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Publication numberUS2114072 A
Publication typeGrant
Publication dateApr 12, 1938
Filing dateMay 7, 1935
Priority dateMay 7, 1935
Publication numberUS 2114072 A, US 2114072A, US-A-2114072, US2114072 A, US2114072A
InventorsCleveland Ralph E
Original AssigneeCleveland Ralph E
Export CitationBiBTeX, EndNote, RefMan
External Links: USPTO, USPTO Assignment, Espacenet
Press roll for paper making machines and the method of making same
US 2114072 A
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Description  (OCR text may contain errors)

April 1938- R. E. CLEVELAND 2,114,072

PAPER MAKING MACHINES AND THE METHOD OF MAKING SAME Filed May 7, 1955 t 9 2 SAND BLA TED ROLL- AV PA PER was CHEM/CAL L-Y ET'CHED ROLL u CHROMIUM PLATE.

SYWC/YM ale 0e land,

Patented Apr. 12, 1938 PATENT OFFICE PRESS ROLL FOR PAPER- MAKING MA- CHINES AND THE DIETHOD OF MAKING SAME Ralph E. Cleveland, Waterbury, Conn.

Application May 7, 1935, Serial No. 20,211

3 Claims.

The invention relates to certain improvements in press rolls for paper making machines and in the method of making same, and has more particular reference to the upper rolls of multiple sets or pairs of rolls employed for squeezing water from the wet pulp during the manufacture of the paper the object of the invention being the provision of such a roll that will insure a better product, materially reduce wastage or broke",

and that will outlast rolls heretofore employed for this purpose without material impairment.

To these ends, the invention comprises the novel construction of press roll and method of making same as hereinafter set forth in detail and more particularly pointed out in the appended claims.

In a paper-making machine, after the paper is formed on the Fourdrinier part, it is led through the press part, and then through the dryers. The function of the Fourdrinier part of the machine is to form the web; the rest of the machine removes the water from the wet paper. When a sheet of paper leaves the Fourdrinier part, it contains about 85% water; the press part reduces the water content to about 65 or 70%, and the dryers reduce the water to about 7%.

In the press part of the machine, the sheet of wet paper is carried on felts between the press rolls. These rolls are arranged in vertical pairs, and two, three or more pairs are used. The lower roll of each pair is usually rubber-covered,

3 while the upper rolls have been made of maple,

cast iron, brass-jacketed cast iron, or granite.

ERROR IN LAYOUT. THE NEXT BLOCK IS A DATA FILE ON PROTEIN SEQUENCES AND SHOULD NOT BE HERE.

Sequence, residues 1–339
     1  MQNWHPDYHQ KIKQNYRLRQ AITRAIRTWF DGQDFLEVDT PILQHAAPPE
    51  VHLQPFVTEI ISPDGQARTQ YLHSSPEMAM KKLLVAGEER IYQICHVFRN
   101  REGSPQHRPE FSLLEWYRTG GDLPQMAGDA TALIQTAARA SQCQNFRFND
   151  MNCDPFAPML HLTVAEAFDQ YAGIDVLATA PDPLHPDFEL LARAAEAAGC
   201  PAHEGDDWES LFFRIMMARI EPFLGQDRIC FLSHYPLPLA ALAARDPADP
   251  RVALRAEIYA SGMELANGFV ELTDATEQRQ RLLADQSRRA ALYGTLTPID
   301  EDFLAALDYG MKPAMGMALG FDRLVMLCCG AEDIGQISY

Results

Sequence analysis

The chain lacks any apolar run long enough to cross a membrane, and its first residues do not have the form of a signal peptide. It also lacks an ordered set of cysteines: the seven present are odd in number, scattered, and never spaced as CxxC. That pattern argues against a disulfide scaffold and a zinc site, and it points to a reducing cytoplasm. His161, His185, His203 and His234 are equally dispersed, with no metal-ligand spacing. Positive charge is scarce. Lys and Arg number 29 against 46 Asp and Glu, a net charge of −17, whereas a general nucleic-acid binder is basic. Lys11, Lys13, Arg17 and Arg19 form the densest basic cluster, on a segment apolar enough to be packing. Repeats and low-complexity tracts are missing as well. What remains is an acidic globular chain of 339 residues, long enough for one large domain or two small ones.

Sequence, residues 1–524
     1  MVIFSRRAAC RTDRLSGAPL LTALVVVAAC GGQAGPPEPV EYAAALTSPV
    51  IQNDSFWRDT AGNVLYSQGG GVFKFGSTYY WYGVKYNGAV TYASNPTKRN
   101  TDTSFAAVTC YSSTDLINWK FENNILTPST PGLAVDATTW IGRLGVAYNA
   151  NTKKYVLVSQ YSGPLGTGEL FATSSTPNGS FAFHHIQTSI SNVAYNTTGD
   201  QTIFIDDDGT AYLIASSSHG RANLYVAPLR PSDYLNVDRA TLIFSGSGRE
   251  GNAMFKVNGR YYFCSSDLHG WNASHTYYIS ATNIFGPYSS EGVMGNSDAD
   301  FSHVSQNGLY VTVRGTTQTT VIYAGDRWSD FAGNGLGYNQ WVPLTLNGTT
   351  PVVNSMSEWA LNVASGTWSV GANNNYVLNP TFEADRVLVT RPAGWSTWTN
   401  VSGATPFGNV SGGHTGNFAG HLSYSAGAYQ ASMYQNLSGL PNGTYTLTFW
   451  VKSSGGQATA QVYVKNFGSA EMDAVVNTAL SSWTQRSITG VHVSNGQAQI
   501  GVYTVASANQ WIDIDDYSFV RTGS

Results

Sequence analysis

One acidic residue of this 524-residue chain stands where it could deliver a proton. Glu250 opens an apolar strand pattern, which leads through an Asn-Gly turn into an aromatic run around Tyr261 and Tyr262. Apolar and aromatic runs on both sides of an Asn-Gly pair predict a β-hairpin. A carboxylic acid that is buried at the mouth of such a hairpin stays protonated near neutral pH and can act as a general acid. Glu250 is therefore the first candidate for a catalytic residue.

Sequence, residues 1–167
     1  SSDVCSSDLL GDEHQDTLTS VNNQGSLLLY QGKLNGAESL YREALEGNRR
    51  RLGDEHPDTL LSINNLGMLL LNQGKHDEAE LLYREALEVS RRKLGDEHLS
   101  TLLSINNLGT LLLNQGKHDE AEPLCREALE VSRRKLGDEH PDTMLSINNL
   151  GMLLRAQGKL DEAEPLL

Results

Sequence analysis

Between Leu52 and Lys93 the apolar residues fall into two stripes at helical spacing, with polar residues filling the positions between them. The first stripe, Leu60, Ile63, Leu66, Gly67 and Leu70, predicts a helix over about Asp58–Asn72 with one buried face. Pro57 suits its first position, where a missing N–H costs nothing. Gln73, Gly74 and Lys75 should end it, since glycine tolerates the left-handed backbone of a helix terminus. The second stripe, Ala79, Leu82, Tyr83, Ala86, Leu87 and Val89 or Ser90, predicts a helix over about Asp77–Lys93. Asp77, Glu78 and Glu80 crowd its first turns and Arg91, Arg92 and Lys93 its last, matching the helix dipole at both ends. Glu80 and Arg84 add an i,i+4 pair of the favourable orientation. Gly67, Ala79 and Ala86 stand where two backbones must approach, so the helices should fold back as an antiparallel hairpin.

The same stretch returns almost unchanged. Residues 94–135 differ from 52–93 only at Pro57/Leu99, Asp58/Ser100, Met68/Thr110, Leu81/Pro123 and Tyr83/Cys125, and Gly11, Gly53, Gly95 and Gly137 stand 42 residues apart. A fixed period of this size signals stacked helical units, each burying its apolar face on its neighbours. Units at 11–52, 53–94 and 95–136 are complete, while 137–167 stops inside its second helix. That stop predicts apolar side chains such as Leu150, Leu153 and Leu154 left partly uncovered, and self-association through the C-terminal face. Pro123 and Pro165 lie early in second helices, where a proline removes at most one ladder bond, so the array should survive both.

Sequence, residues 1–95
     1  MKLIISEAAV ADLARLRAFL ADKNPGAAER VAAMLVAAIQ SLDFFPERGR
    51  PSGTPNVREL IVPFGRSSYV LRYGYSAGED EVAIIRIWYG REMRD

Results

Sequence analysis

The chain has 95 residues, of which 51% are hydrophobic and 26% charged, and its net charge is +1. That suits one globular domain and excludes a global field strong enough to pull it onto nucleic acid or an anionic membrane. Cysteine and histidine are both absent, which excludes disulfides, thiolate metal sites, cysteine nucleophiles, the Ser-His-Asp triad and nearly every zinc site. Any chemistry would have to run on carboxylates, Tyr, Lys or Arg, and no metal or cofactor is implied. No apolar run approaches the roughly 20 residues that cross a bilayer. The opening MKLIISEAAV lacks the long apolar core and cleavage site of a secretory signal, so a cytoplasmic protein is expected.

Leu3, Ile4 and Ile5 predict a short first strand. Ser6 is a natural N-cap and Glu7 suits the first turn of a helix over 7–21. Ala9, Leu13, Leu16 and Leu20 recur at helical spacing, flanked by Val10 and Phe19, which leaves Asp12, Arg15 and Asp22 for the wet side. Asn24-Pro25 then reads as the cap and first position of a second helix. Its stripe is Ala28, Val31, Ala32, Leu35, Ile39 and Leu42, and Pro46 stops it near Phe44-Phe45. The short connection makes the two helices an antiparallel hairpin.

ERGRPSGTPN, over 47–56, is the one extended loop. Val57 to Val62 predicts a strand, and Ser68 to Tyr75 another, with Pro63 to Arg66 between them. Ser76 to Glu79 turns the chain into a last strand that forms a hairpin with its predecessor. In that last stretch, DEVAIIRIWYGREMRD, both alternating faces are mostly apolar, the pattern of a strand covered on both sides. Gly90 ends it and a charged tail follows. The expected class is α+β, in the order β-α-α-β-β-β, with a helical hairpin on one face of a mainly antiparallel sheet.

Weights, operating through a system of levers,

pull the upper press roll down on the sheet of paper, in order to squeeze out the water.

To obtain good paper, it is necessary that the upper press roll be straight along its lower edge, that it be hard, that it be smooth, and that it does not pick up paper. It must be straight in order to squeeze the water out evenly; it must be hard to reduce wear and keep its original contour; it must be smooth and free of scratches, to avoid marking the paper, and it must pick up no paper fibres, in order to prevent spoiling the sheet these requirements perfectly. It has, n'found 55 the porosity of the surface. This porosity, which running under it. No roll hitherto used fills all.

the greatest importance in the functioning of a traps air between the roll and the paper, prevents the latter from sticking, as it does to a perfectly smooth metal surface. The pores break up the capillary action between the surfaces.

Although granite rolls thus have a better surface for functioning as press rolls in paper making machines than any other material hitherto used, their use is not as trouble-free and inexpensive as could be desired. For one thing, granite rolls are very expensive. Formed as they are from a natural material, they tend to be nonuniform in texture. Often it occurs that a roll, when finished, develops or discloses cracks, which make it useless. Satisfactory granite rolls of course bear the cost of the work performed on unsatisfactory ones. Moreover, these rolls are, compared to metal rolls, very fragile, and must be handled with great care. When worn out they havepractically no scrap or salvage value. Due to the low compressive, tensile and bending strength of granite, and the non-uniformity due to its origin, rolls made of this material must be made very massive, and hence heavy, in order to be strong. The weight of the roll, therefore, is very great, and depends upon its length, rather than upon consideration of the .operating requirements.